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I'm looking for advice on a code maintenance situation I expect is common, but difficult to describe in three words, so difficult to find info about online. Note that I'm talking about a code project branching, but not in the sense of a 'subversion branch'.

There's an existing software product that is still being developed. Another team (me) wants to take the latest release of the code and use it in another product.

We'll also make changes to the code, then want to take new releases (with ease), and maybe give some changes back to the original team.

Can anyone direct me at articles outlining principals for making all this as easy as possible.

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1 Answer 1

You could do this as a repository branch. Your team checks out a branch of the project and then writes your code there. When you want to give your changes back to the original team you can merge the branches. There is plenty of documentation about that process on the internet but it isn't fun.

Another solution typically used by larger companies is to have the second team be an internal customer of the first team's project. The internal customer can make feature requests and even send members over to implement their requests but the internal customer doesn't actually modify the source code, they simply use the other team's releases. Even this can be complicated as you have to worry about lining up your releases and performing integration testing with each release the other team makes.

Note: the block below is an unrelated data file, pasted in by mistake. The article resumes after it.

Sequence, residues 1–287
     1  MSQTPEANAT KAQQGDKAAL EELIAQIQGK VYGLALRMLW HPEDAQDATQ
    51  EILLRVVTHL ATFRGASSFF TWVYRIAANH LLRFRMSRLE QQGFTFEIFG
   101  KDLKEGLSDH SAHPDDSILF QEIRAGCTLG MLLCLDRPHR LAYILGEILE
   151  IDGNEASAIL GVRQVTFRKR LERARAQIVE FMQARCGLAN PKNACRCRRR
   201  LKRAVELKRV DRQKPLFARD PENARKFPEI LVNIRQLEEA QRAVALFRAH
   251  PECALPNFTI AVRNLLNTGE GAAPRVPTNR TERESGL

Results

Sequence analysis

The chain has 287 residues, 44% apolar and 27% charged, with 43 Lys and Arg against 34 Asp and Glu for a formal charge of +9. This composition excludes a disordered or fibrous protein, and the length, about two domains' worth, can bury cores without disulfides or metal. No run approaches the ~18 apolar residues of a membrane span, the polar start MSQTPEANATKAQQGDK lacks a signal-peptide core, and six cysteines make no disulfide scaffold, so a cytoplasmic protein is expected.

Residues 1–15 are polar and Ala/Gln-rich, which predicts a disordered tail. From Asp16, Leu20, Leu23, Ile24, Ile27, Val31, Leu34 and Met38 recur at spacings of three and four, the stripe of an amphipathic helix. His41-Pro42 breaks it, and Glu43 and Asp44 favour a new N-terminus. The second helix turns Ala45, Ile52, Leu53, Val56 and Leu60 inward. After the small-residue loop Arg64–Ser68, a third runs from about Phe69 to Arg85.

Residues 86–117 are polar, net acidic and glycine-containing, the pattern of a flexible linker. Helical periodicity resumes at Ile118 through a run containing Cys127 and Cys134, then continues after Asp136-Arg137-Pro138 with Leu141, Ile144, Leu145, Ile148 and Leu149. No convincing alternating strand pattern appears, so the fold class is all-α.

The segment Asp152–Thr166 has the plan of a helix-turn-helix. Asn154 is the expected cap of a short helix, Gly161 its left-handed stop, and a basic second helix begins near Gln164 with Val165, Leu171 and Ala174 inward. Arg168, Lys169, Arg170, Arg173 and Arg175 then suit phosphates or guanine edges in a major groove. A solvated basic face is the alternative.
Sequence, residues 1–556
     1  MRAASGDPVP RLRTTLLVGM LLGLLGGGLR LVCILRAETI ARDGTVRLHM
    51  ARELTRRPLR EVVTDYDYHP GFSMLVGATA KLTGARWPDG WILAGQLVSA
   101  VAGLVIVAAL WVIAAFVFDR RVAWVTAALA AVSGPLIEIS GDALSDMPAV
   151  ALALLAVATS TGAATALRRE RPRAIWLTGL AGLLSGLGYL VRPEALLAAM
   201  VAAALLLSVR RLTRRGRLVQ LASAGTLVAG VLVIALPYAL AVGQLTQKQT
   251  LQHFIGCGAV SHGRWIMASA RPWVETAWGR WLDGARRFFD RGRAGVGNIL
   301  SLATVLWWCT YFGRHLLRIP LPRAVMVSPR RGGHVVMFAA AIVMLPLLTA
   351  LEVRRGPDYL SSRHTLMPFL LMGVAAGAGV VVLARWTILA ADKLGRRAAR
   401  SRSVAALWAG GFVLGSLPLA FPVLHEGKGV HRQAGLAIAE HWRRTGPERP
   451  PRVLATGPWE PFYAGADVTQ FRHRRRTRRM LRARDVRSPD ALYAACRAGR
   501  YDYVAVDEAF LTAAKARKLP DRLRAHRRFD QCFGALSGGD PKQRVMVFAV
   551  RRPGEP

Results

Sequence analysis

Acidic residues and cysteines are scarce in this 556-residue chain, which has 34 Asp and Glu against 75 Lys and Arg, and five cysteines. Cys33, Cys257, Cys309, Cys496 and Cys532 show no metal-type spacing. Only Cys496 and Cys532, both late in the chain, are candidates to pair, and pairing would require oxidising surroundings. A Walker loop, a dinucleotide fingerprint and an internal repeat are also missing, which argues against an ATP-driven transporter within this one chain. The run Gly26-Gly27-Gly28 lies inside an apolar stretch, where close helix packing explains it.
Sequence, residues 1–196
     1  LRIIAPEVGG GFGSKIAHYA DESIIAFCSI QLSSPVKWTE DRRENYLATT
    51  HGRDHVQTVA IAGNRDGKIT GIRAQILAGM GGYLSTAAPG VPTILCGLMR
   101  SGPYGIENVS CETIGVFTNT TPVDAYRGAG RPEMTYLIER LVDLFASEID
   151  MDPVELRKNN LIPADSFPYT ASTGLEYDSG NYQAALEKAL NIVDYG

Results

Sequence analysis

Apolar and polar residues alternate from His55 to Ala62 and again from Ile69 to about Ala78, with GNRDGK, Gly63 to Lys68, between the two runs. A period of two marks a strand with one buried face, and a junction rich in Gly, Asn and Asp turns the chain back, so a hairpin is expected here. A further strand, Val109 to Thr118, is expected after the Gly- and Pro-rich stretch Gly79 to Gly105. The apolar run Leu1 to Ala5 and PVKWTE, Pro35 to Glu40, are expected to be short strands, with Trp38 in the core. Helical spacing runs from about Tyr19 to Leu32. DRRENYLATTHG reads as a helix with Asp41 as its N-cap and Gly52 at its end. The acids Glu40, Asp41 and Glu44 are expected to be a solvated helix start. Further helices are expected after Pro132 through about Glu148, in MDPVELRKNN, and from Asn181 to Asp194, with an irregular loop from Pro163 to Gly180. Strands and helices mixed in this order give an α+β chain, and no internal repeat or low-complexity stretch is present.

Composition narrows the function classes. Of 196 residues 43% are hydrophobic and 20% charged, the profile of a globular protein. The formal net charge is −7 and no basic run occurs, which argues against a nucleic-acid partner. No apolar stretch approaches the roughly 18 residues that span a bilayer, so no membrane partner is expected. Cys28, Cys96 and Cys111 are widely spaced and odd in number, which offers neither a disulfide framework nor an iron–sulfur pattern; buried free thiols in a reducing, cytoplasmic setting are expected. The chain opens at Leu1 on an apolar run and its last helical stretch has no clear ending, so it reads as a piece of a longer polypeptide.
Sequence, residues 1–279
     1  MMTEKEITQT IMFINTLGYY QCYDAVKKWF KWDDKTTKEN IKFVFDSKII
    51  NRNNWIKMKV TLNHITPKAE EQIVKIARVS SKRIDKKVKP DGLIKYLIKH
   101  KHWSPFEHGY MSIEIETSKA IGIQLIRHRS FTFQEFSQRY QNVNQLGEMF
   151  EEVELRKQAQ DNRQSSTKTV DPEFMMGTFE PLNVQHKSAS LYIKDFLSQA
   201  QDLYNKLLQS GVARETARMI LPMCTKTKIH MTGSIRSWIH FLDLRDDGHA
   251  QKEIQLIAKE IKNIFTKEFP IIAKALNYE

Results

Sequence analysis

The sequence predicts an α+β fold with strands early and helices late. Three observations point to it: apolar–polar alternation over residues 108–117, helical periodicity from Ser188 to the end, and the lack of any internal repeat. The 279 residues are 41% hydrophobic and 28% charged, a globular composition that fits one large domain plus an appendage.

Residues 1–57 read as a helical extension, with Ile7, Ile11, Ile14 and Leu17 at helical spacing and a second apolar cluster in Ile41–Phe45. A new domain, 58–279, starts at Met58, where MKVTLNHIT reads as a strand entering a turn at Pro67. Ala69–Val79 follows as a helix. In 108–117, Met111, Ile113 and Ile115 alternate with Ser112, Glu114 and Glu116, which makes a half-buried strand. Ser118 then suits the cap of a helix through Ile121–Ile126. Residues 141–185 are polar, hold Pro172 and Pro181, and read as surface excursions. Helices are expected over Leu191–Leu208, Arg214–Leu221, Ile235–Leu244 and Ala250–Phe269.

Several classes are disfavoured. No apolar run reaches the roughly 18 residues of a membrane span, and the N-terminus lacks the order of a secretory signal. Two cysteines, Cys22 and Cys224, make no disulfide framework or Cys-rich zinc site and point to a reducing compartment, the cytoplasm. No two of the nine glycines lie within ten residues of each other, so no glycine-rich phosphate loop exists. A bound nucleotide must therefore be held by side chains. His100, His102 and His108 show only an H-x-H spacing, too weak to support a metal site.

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Thanks for the input :) the situation is similar to the second you describe, but we'll be making our own customisations to the source. Some of these will stat in our source, but we may want to give some back to the other team. We'll also be taking new releases from the original team. I think well just use comments to note the divergences, but wondered if there's info I can read up on before settling on a scheme. Cheers! –  user275602 Feb 18 '10 at 9:41

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